Principal Investigator (PI), Dr. Paul Darby, of the Electrical and Computer Engineering Department, working with Co-PI, Dr. Andy Hollerman in the Physics Department, and the CAPE CubeSat Team have been awarded launch provisions by the United Launch Alliance for their envisioned LACCE Satellite. LACCE stands for LouisianA Coronal mass ejection Correlation Experiment.
Planned for late Fall of 2018, the satellite will be launched into a highly elliptical orbit, called a Geosynchronous Transfer Orbit, with the perigee being about 200km high and the apogee being about 35,000km high. This special orbit is very valuable to science research in that it affords UL Lafayette a unique opportunity to study effects on the Earth's magnetic field, emitted light spectra, and the Earth's radiation belts at a continuum of distances away from our planet. This will allow data to be collected with respect to the magnetic field, spectra, and radiation gradients under the influence of Coronal Mass Ejections from the Sun induced as a result of solar flares, and other solar activity. Additionally, the satellite's experimental payload may allow the flight of a neutron detector, which is of interest to the Navy, according to Dr. Hollerman.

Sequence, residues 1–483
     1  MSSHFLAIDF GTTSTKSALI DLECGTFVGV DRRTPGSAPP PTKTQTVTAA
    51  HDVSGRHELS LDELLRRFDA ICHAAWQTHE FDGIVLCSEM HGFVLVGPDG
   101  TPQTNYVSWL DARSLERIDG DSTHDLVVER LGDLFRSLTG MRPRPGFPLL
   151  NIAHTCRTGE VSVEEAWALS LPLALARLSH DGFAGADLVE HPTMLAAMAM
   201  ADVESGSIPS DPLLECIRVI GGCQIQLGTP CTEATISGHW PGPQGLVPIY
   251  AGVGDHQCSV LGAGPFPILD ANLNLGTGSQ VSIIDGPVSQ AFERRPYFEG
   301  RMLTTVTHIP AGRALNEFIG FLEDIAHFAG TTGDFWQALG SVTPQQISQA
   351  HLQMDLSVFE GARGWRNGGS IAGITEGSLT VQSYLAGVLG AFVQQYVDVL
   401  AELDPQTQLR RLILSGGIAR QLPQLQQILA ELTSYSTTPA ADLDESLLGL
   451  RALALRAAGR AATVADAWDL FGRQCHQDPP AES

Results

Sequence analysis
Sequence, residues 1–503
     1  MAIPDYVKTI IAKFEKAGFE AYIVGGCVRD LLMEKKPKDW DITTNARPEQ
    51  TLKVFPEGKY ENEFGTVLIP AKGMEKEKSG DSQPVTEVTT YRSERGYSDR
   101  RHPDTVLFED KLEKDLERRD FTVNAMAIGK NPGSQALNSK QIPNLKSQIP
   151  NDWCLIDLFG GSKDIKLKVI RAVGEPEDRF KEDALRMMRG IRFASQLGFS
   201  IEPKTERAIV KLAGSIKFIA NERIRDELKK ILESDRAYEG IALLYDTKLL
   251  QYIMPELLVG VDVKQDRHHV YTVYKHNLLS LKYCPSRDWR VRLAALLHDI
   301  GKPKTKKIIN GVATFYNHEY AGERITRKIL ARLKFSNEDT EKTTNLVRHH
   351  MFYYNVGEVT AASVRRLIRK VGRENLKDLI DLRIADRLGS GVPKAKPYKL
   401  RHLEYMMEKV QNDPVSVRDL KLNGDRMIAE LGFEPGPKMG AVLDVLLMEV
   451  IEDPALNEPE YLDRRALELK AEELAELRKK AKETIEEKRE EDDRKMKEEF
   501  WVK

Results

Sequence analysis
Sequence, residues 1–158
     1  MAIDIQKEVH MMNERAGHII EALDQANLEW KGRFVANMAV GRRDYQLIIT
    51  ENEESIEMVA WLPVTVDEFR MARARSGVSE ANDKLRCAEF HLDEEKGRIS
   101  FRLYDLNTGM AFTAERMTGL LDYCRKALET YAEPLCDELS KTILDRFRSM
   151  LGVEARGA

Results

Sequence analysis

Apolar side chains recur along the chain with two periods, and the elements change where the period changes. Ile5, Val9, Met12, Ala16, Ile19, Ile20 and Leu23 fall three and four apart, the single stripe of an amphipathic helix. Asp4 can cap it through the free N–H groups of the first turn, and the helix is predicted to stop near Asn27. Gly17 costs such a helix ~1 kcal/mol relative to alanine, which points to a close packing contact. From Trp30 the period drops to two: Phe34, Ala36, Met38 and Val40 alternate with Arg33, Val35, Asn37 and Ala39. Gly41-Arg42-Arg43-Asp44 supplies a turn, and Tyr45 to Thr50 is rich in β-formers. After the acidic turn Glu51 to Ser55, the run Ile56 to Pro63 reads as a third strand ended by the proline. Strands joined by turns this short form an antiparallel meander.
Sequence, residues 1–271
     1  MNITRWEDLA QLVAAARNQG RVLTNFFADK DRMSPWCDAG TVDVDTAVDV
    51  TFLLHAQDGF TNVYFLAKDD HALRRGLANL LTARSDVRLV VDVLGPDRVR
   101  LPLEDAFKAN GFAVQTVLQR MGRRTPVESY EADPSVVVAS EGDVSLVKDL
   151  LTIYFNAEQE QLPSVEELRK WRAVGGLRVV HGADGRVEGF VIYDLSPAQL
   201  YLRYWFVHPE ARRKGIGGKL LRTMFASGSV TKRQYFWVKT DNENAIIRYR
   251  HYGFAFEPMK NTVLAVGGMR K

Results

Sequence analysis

The results of these experiments will be important to NASA, the Department of Defense, and the commercial satellite industry to name a few. Dr. Darby and Dr. Hollerman next plan to seek scientific funding for the experiments and research involved.